Collaborating with “Fresno Works” to Secure Maintenance of Way Site: As we build out the full Phase 1 system connecting San Francisco to Los Angeles/Anaheim, we anticipate requiring three separate Maintenance of Way Facilities to support the system. In the Fresno-Bakersfield Final EIR/EIS approved by the Board of Directors in 2012, the Authority identified and environmentally cleared the first of these sites just south of downtown Fresno. The site will also contain the Operational Control Center (OCC), a temporary trainset acceptance testing and certification facility and will include training classrooms and support equipment, such as simulators.
Our Central Valley staff is working closely with Board Member Perea and a group of business and local government representatives in Fresno known as “Fresno Works” to secure the site for these activities and to preserve a local investment of $25 million to accelerate infrastructure improvements to the site and help ready it for future job-generating activities. These facilities are proposed to be constructed by the Track and Systems contractor that we are currently in the process of procuring. As part of this procurement process, the Authority is required to instruct the bidders where these facilities will be located.
The Board of Director’s September meeting will have a full agenda of both action and informational items, including:
- Action: Central Valley “Wye” Final Supplemental EIR/EIS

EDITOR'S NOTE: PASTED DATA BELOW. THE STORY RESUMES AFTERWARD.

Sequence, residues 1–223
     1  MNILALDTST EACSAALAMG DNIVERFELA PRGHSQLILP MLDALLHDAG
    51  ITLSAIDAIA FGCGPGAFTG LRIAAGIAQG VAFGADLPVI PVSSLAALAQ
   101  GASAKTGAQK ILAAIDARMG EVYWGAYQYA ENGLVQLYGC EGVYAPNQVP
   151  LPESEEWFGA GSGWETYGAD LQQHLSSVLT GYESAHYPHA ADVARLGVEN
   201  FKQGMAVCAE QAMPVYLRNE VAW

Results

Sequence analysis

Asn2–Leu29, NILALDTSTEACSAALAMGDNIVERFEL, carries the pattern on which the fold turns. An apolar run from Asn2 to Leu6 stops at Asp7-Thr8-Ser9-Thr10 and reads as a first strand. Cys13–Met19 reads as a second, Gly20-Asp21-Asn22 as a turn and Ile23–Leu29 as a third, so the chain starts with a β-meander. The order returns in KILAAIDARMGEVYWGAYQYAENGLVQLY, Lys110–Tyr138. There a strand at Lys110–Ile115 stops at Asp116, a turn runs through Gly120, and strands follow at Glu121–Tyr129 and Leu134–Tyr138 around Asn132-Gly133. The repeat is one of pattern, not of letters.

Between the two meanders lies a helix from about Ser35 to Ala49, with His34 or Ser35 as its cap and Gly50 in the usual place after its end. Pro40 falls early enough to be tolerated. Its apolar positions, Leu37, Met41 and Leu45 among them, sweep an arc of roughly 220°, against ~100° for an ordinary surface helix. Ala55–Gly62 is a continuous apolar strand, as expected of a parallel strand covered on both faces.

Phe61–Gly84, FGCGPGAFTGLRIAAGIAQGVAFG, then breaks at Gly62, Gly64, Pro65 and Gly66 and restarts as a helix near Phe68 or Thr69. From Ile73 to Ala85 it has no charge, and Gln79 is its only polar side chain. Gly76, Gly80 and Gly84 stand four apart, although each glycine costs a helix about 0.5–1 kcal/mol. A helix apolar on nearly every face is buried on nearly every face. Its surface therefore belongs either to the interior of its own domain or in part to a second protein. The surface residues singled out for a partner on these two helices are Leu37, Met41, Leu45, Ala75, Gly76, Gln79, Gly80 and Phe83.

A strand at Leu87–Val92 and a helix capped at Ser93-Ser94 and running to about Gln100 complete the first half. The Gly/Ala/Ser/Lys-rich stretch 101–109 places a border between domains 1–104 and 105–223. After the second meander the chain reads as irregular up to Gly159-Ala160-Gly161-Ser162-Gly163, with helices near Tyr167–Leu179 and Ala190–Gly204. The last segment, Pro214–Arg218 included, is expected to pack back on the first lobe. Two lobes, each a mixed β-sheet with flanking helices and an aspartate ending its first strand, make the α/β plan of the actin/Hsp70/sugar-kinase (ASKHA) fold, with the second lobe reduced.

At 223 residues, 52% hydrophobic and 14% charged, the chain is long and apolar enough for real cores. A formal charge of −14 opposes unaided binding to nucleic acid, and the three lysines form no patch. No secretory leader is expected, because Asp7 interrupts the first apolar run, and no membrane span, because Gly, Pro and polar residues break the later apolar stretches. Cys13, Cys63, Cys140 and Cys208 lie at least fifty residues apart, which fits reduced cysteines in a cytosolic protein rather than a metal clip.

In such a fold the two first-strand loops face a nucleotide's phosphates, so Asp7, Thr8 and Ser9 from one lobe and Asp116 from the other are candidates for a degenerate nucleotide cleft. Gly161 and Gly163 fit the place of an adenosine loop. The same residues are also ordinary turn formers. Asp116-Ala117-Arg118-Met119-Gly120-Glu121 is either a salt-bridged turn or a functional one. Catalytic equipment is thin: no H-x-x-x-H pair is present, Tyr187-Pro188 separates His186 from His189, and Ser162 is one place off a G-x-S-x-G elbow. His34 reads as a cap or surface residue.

- Update: Environmental Schedules for all remaining Phase 1 project sections (San Francisco – Los Angeles/Anaheim)
- Presentation: Intrusion Protection Barrier (IPB) Safety Requirements for the Central Valley Construction Packages (CP 1, CP 2-3 and CP 4)
- Discussion: Procurement Process/Options for the Rail Delivery Partner (RDP) Contract
To view the August 2020 CEO Report in its entirety, visit https://hsr.ca.gov/about/board/ceo_report.aspx.
Governor Gavin Newsom Announces High-Speed Rail Board Appointments
Nancy C. Miller of Sacramento and Lynn Schenk of San Diego have been reappointed to the California High-Speed Rail Authority Board of Directors; Anthony C. Williams of Orange has been appointed to the California High-Speed Rail Authority Board of Directors. Read more about these appointees at the website for the Office of Governor Gavin Newsom.
Environmental Progress Update
The Authority kicked off 2020 with an ambitious schedule to issue several environmental documents that are part of the process of identifying the final route of the high-speed rail line from San Francisco down to the Los Angeles/Anaheim area.
Starting in February, we issued the Bakersfield to Palmdale Draft Environmental Impact Report/Environmental Impact Statement (EIR/EIS), and in April, we issued the San Jose to Merced Draft EIR/EIS document. Those comment periods have closed, with final documents due out next year. Currently out on the street for public review and comment are the Burbank to Los Angeles EIR/EIS and the San Francisco to San Jose EIR/EIS documents, with their comment periods closing at the end of August and early September respectively.
At the same time we started issuing the documents, the COVID-19 pandemic was taking hold, and we had to adjust to the new normal along with so many others. To support this effort, we have held dozens of virtual open houses and meetings to make sure the public has an opportunity to view the documents, speak with the experts, and provide their feedback on the routes and potential impacts to their communities.